Hardy Geranium/ Cranesbill: Full Sun, Partial-Shade, or Shade

Hardy Geranium, also known as Cranesbill, is a perennial that is easy to grow and hardy in colder climates. It gets its name from the shape of its seed which resembles a crane’s bill. Not to be confused with annual geraniums, Cranesbill is a low-maintenance and versatile plant that thrives year after year in many different soil conditions. This plant performs best in zones 4-8. Gardeners can enjoy more than 700 varieties of Cranesbill in colors ranging from white, pink, blue, or purple. This plant will keep low to the ground and spread out with beautiful, variegated foliage that deepens to a lovely red color in the fall. 

A Cranesbill for Every Garden Area

Depending on the variety, Cranesbill can thrive in full sun, partial shade, or full shade, however, this perennial does prefer morning to early afternoon sun. Choose your location first, and then pick the variety of plant to best fit the light requirements of your space. Hardy Geranium is not fussy about soil nutrients or pH, so it will grow wherever it is planted as long as it gets the correct amount of light, has well-draining soil, and enough water to establish itself. This plant is relatively drought tolerant once established.

Planting and Care

Cranesbill is best planted in early spring or late fall. To plant Cranesbill, dig a hole larger than the pot and mix in a generous heap of compost for added nutrients. Next, loosen the roots if they are bound tight and gently insert the plant. Make sure that the top of the root ball sits evenly with the top of the soil. Pack the dirt back around the plant, tamping the soil down. Water thoroughly.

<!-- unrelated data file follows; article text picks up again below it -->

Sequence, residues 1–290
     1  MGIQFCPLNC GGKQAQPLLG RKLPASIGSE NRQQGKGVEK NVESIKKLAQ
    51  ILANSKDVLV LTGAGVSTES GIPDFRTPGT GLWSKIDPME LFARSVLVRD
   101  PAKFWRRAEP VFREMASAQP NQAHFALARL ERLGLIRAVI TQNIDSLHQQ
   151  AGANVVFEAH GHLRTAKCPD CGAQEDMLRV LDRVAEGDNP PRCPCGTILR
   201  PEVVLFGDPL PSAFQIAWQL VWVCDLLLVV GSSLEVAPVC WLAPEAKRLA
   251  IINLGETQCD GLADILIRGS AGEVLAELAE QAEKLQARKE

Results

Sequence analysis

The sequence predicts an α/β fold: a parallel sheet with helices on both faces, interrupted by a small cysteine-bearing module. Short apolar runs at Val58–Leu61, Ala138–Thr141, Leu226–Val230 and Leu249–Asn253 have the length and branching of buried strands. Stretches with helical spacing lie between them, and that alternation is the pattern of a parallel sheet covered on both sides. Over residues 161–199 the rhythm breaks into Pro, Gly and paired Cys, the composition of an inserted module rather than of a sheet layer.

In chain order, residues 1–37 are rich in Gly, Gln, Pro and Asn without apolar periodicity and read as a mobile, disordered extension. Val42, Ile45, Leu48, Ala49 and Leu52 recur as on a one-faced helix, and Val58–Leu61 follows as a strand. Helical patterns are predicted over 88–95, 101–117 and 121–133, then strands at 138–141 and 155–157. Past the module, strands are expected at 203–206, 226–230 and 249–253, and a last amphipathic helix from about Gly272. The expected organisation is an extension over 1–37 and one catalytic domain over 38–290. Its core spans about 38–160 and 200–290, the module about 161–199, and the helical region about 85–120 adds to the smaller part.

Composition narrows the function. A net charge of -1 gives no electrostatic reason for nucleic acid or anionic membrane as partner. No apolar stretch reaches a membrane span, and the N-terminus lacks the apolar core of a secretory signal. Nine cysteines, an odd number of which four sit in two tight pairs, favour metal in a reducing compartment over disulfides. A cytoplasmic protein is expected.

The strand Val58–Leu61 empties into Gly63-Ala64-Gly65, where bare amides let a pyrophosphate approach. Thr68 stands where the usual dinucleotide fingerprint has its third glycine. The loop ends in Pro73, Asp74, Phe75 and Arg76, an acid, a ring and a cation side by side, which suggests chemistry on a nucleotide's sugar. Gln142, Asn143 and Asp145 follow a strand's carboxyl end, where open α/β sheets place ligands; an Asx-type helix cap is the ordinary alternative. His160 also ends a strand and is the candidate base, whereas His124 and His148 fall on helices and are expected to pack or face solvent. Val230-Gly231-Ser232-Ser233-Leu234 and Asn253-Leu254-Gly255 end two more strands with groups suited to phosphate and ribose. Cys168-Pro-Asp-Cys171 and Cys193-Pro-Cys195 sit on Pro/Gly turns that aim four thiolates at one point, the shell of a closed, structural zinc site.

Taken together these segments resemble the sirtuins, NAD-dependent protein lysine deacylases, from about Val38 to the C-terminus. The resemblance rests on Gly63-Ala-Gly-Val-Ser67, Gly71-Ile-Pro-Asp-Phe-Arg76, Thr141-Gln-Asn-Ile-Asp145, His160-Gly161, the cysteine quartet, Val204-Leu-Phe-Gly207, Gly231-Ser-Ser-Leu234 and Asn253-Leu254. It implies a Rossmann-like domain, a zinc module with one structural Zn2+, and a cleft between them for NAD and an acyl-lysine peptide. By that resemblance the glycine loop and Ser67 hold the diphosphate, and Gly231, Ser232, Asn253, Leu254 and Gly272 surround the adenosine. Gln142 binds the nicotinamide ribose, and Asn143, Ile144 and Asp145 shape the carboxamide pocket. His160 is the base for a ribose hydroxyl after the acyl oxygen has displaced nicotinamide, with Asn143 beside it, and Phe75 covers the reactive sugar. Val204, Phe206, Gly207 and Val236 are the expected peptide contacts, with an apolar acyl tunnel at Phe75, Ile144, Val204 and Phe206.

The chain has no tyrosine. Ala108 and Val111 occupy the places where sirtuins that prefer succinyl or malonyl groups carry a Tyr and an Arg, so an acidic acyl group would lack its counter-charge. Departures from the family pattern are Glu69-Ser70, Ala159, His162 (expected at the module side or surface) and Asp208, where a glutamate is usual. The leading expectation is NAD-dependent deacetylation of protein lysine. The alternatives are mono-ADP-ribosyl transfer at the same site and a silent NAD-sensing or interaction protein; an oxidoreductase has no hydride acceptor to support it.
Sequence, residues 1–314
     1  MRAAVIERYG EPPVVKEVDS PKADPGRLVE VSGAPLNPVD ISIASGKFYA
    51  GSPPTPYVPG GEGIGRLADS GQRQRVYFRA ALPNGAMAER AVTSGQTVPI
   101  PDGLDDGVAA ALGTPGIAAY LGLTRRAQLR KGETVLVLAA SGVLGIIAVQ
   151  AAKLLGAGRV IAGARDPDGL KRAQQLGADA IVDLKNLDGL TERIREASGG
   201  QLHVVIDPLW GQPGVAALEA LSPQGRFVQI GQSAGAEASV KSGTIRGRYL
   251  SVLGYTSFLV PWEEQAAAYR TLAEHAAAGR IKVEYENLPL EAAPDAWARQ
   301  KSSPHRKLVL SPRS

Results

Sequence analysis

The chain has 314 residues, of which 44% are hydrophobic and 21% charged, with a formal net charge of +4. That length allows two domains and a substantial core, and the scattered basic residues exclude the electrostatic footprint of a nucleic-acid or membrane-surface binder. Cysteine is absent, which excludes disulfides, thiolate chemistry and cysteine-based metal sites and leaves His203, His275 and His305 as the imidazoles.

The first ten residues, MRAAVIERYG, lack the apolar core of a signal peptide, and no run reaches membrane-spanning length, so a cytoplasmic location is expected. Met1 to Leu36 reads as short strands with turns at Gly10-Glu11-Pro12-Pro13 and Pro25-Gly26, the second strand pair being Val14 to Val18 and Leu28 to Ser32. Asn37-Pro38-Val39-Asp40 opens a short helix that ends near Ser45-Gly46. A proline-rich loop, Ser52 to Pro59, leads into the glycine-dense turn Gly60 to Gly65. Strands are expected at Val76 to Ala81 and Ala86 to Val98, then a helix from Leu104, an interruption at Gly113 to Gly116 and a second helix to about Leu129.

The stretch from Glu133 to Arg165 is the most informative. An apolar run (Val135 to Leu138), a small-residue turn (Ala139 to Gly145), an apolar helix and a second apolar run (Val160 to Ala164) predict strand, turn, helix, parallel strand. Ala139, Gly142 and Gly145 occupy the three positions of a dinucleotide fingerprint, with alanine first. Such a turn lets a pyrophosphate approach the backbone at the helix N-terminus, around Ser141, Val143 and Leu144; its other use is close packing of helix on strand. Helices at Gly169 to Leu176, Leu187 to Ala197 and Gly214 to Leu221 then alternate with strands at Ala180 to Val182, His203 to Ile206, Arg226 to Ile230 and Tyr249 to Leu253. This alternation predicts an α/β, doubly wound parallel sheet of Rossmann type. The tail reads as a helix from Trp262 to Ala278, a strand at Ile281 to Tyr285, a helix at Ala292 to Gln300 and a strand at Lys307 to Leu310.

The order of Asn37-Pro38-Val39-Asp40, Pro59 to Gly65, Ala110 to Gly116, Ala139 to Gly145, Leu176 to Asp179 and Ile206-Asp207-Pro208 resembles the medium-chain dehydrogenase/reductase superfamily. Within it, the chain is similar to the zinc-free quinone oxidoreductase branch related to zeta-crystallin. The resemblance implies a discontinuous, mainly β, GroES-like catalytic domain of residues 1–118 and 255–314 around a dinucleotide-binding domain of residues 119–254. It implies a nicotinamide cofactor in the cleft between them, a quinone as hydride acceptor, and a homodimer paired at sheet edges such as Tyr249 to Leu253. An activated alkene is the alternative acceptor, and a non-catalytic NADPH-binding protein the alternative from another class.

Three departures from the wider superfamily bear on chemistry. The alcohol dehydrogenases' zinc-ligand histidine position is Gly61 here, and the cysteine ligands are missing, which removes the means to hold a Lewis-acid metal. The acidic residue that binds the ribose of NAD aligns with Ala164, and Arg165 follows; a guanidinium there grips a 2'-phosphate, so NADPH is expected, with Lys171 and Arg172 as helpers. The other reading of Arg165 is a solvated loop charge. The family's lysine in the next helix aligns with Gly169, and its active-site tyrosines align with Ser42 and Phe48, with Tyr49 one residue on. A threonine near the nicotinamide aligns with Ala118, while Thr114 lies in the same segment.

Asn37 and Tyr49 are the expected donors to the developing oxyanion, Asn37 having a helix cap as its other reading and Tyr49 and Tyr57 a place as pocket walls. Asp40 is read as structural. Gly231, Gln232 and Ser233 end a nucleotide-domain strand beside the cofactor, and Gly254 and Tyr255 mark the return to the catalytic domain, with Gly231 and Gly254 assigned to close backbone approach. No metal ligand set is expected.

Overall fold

This perennial will benefit from a thick layer of mulch around the base at the time of planting. It will also need a slow-release fertilizer added in early spring for its second growing season.

After the first flush of flowers, Cranesbill can appear scraggly or messy, so give the plant a gentle prune to remove any dead blooms or foliage. After pruning, water in some Founders Fish Fertilizer to give the plant a boost as it prepares for a new flush of flowers and foliage. Repeat as needed throughout the growing season. At the end of fall, as the plant begins to die back, cut Cranesbill back to the ground level and cover it with a generous amount of mulch as it enters dormancy. 

Cranesbill, or Hardy Geranium, can be propagated through division. This is best done in the fall every 3-4 years by dividing the entire plant into thirds or quarters. Ensure that each section has adequate roots and foliage before transplanting to a new location. 

Four favorites for us this season are:  Biokovo, Max Frei, Rozanne, and Tiny Monster.